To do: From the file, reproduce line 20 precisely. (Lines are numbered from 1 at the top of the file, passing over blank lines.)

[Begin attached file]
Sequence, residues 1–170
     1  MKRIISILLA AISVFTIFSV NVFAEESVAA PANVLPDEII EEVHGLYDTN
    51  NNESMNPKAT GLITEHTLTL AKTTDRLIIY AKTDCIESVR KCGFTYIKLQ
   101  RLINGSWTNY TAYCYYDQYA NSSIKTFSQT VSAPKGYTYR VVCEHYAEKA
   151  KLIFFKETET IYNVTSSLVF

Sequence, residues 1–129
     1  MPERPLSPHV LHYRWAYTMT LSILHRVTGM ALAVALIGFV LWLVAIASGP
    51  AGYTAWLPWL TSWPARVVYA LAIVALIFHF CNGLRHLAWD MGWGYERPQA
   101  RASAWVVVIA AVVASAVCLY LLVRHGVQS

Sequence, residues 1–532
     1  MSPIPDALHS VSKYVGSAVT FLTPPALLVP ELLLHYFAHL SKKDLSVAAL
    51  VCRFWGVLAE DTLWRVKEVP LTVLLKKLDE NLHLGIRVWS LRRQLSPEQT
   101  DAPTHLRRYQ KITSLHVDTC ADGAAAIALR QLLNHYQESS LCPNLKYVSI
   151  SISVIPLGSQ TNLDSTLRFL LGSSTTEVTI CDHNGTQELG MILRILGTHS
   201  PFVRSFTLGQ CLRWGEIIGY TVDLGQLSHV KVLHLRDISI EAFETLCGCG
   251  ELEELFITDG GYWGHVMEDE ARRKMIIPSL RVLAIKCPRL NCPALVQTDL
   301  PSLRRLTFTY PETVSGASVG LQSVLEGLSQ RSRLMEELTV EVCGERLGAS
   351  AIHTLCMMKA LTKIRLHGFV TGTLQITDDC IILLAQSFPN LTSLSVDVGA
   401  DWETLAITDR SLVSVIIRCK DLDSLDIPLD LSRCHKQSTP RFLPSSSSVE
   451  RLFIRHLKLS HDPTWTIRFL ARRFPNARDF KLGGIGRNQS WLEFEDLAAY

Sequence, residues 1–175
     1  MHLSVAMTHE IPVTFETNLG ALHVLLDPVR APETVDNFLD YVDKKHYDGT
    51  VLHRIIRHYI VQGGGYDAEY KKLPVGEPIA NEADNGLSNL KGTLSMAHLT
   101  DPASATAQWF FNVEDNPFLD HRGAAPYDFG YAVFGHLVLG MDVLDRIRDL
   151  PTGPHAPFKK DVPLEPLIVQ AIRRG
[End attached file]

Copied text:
   451  RLFIRHLKLS HDPTWTIRFL ARRFPNARDF KLGGIGRNQS WLEFEDLAAY